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Lethbridge Herald Newspaper Archives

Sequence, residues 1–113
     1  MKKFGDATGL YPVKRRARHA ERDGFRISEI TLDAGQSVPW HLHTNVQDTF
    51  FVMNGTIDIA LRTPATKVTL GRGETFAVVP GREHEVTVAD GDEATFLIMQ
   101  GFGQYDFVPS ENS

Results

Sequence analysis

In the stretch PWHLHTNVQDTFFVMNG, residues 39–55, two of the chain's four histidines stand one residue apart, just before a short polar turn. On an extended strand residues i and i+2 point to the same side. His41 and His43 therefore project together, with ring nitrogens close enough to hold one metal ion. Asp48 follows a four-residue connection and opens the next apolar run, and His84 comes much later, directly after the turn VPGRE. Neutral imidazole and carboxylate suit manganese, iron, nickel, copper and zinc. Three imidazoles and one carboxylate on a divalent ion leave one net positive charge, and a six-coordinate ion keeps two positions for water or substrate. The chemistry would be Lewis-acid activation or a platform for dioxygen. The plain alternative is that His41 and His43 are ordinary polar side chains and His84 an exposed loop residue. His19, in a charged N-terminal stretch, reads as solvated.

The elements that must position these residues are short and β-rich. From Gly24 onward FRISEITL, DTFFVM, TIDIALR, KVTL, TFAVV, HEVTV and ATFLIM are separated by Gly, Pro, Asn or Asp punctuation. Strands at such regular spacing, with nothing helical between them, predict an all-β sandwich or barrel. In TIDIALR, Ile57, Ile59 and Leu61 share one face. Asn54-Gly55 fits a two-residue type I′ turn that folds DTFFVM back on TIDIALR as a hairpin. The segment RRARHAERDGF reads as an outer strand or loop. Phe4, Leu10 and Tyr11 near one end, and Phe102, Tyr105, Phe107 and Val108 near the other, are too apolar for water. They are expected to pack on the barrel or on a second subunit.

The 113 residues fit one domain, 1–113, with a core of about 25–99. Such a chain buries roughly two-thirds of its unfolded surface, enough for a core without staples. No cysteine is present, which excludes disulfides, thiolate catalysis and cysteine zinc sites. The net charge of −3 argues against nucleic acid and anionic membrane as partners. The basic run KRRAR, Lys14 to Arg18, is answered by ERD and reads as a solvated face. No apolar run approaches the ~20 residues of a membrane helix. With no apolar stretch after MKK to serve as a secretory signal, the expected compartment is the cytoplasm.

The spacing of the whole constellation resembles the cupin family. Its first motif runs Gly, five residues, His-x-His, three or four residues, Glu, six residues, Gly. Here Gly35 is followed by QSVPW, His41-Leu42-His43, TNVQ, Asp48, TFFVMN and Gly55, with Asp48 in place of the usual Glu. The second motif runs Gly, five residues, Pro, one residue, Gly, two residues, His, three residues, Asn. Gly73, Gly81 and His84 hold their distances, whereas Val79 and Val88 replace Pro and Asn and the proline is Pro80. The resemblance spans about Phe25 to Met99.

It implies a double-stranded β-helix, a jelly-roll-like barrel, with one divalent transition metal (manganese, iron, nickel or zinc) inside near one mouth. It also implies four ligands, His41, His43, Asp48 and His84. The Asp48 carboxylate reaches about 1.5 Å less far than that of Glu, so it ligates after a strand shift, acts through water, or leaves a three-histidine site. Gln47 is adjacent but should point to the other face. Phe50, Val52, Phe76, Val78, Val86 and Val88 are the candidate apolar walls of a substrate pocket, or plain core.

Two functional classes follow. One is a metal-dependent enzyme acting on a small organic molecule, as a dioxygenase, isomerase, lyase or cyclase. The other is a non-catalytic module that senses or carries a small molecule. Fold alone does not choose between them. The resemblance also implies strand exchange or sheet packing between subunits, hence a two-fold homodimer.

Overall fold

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Lethbridge Herald (Newspaper) - January 21, 1971, Lethbridge, Alberta Job prospects hopeless for over-45 group By JAMIE UNDERBILL Canadian Press Staff Writer John is a professional engineer. He had never been out of work in the 27-years since he graduated from university. 1%en three months ago, he lost a S15,00O*a-year job. John-he does not want to be Identified by other than his first name-is 53 and one* of 190 Ontario professional engineers out of won. Ha is also one of the 538,000 who, according to the Dominion Bureau of Statistics, were unemployed last month. But John represents a problem within a problem, that of the unemployed person more than 45 years of age. For the older skilled worker there is the added worry-at his time of life will anybody want to Ure him again? In Montreal, a group of these men banded together to form an employment agency. They are in the minority however. A Cross-Canada Survey by the Canadian Press showed the ma jority sit at home waiting or pound the sidewalks for 12 hours a day enduring the negative shake of a head. The survey also showed that little ia being done across the country for this specific age roup. Manpower and business offl dais in several provinces admitted there was a preference for the younger man if it came to a choice between the age groups. The Montreal-based group is typical of the problem. It includes aeronautic, mechanical and civil engineers, accountants, cooks, journalists, Mays FUNNY Thursday, January 21, 1971 - THE UTHBRIDOE HERALD - S painters, plumbers and laborers. No detailed figures are available across the country for those unemployed in the older age group. The training-with-pay pro* gram run in Saskatchewan by the manpower department has been enlarged and there now are more than 1,000 persons of all ages taking various technical courses. The province had 8,312 unemployed in the Regina area at the end of last month but the unemployment insurance commission did not have a breakdown in figures to show how many of these were over 45. Development Minister Ray Speaker of Alberta has announced that at least $10 million must be added to the province's $50 million public assistance budget for 1970-71 because of the rise in unemployment At the end of December the manpower department had 1,200 men and 518 women over 45 looking for work, out of an unemployment figure of 11,151. HARDLY STAND THE TRIP .....-V....... OKI M W. F. Otitis StilHMtt, Ttsoi t-* Alberta welfare budget boosted EDMONTON (CP) - The Alberta cabinet Wednesday approved two special warrants which will increase the province's 1970-71 welfare budget to $55.3 million from $41.2 million. Social Development Minister Ray Speaker said the extra $14.1 million is needed because of unemployment caused by the federal government's fight against inflation. Figures contained in the applications for the special warrants, which must be approved by the legislature, show the number of persons receiving provincial welfare has risen from an estimated monthly average Of 23,490 to 28,460. NUMBER DOUBLES Provincial welfare payments from April 1 to Dec. 31, 1970, amounted to $37,375,122. This includes payments to municipalities, which are reimbursed for 80 per cent of welfare payments to short - term recipients who have lost jobs. Municipalities now are ex- pected to get $5.2 million in 1970-71 compared with an original budget estimate of $3.3 million. Mr. Speaker said the number of people handled by municipalities has doubled. The special warrants Include $803,000 to reimburse the health department for welfare patients in hospitals, although $500,000 of this is a carry - over from 1969-70. About $530,000 was set aside to pay for increased caseloads, price increases in materials, supplies and drugs. A third special warrant gives the attorney - general's department an additional $339,850 to meet increased costs for court trials in urban and rural areas. NO FORMS NEEDED TORONTO (CP) - Customers at Ontario Brewers' retail stores no longer are required to fill out purchase orders for beer. PINNED BY BUS - New York police Sgt. Reymond Hickey crawls under a bus to aid a Manhattan woman, identified as Yefta Goldfecher, who was pinned under the axle. The woman was freed after the bus was j acked up. Ice Age findings hailed NEW YORK (AP) - A Harvard University research associate has theorized that markings found on bone and stone fragments more than 30,000 years old represent a crude lunar calendar used is Europe during the last Ice Age, the New York Times says. The grooves and notches, previously thought to be decorations or aids to gripping, appear to depict the phases of the moon, sometimes for periods of more than a year, the newspaper says. The conclusions were set forth by Alexander Marshack, a research associate at Harvard's Peabody Museum of Archeology and Ethnology after more than six years of Investigation and study of relics in Europe. Dr. Ralph Solecki of Columbia University, a leading authority on Ice Age archeology, hailed the discovery as "a milestone in archeology comparable to the discovery of carbon 14." Radioactive carbon 14 is used to determine the age of wood and bone and has enabled scientists to date countless sites around the world. Marshack said the markings could have been used as hunting aids to keep track of special days for rituals and sacrifices or to follow the female menstrual cycle. All the objects bearing the markings are pocket-size, he said. The Times says the inscribed objects were found in European deposits representing nearly all cultural levels from 10,000 to 34,000 years ago. The markings range from simple holes punched in bone more than 30,000 years old to a zigzag pattern on a 13,000-year-old eagle bone. ANDOVER, Mass. (AP) -New archeological excavations in Peru indicate that a wobbling earth may have caused the glaciers of the last Ice Age and that man first appeared in North America 50,000 years ago, crossing from Russia into Alaska. The findings, based on carbon dating of material excavated, show that a glacier was receding in Peru at the same time another glacier was advancing in North America, says Dr. Richard S. MacNeish, chairman of the department of archeology at Phillips Academy. MacNeish heads an international team of 65 archeologists which has been working in the Peruvian mountains near Lima since 1969. MacNeish is a former chief archeologist with the National Museum in Ottawa, with extensive experience in the tracing of early Asian migrants to the Yukon and Alaska. SQUIRE DEVELOPMENTS 302 3rd Avenue South, lethbridga, Phone 327-1780 Lethbridge's Newest House Builders Announce a MAJOR BREAKTHROUGH In NEW HOUSING COSTS . . . H you've been waiting to flat a Ntw Hem* and for costs to com* down . . . Nora's Good Ntws for You I Wo offer a good selection of plans in N.H.A. and City Planning Commission of Kfl Approved Complete Homes J 1 for only .................. I | SQ. FT. Imagine a 960 sq. ft. 3 bedroom Complete Homo can now bo # 11 AiA yours for only ...... ^1 IfWlw Here's what we mean by COMPLETE HOMES and what they includei Already Painted (Interior and Exterior) your choice of colors - Colored Bathroom Fix-ores aleady installed, your choice of colors - Furnace and Ducting - Hot Water Tank - All Kitchen Cupboards and Counters - Range Hood Exhaust Fan - Medicine Cabinet - Completely Electrified (all wiring) - Shag carpeting - Double Stainless Steel Kitchen Sink with Spray - Many, many more features - City Lots available - Homes can be located anywhere! Per further information Clip and Mail this Couponl r"""TT""TT""""T "ese s>B�>Basas>>aBeae>>asiM Please send me further information regarding Squire Development Complete | Homes: � Name . Address OUT-OF-TOWN INQUIRIES WEICOMEI SIMPSONS-SEARS mm Get It All In Shape With Today's Fabric and Style Pick a co-ordinated pair that will really set you straight. Choose either single or 3x2 double breasted jackets with slacks to match . , . both for a price that makes it worth while to stay in style. Either 2 Piece Set Only 4999 Single Breasted 2-Button Style Medium weight 100% wool worsted jackets have centre vent, flap pockets and color co-ordinated % lining. Medium ton** of Brown, Blue, Grey and Green In glen checks, window panes, plaids and stripes. Plain weave 55% Fortrel/45% worsted slacks hove regular belt loops and fit trim. 3x2 Double Breasted Style Medium weight 100% wool worsted jackets have low pockets, high centre vent and fancy rayon % lining. Medium tones of Green, Blue, and Grey in stripes only. Trim fitting flare bottom slacks have full top pockets and wide belt loop*. Plain shades to match Jackets. 55% Fortrel, 45% wool fabric. Both above styles come in most sizes. Men's Dress Wear teleshop 328-6611 Men's Whale Cord Sport-Jackets 14.99 Three button styling, fully lined . . . centre vent piped and flap pockets. Loden, whiskey gold and olive. Sizes 36 to 46, Some shorts and tails. Teleshop 328-6611 Easy-Care Wash 'n Wear Boys' Flares 299 Boldly striped flares In easy to care for cotton that you just wash 'n' wear. Assorted colors. Sizes 4 to ox. Head-To-Toe Coveralls 2.99 Waterproof nylon coveralls your child can wear winter or summer. Sturdy zipper. Sizes 2-6x. Children's Wear Assorted Boys' Lightweight T-Shirts 1.29 Available In a good selection of popular styles, fabrics and colors. Soma Perma-Prest. Sizes 2-6x. FOR FAST HOME DELIVERY FROM STORE OR CATALOGUE CALL 328-6611 ;